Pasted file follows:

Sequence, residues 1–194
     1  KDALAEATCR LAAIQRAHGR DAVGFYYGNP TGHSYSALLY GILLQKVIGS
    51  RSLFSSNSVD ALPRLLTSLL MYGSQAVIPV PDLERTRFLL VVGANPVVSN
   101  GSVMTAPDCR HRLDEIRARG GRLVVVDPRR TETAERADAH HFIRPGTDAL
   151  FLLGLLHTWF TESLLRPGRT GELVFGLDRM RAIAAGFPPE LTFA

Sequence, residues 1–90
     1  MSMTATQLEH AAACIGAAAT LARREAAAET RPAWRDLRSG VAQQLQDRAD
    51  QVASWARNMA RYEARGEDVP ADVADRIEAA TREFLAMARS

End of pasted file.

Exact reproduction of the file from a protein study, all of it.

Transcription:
Sequence, residues 1–194
     1  KDALAEATCR LAAIQRAHGR DAVGFYYGNP TGHSYSALLY GILLQKVIGS
    51  RSLFSSNSVD ALPRLLTSLL MYGSQAVIPV PDLERTRFLL VVGANPVVSN
   101  GSVMTAPDCR HRLDEIRARG GRLVVVDPRR TETAERADAH HFIRPGTDAL
   151  FLLGLLHTWF TESLLRPGRT GELVFGLDRM RAIAAGFPPE LTFA

Sequence, residues 1–90
     1  MSMTATQLEH AAACIGAAAT LARREAAAET RPAWRDLRSG VAQQLQDRAD
    51  QVASWARNMA RYEARGEDVP ADVADRIEAA TREFLAMARS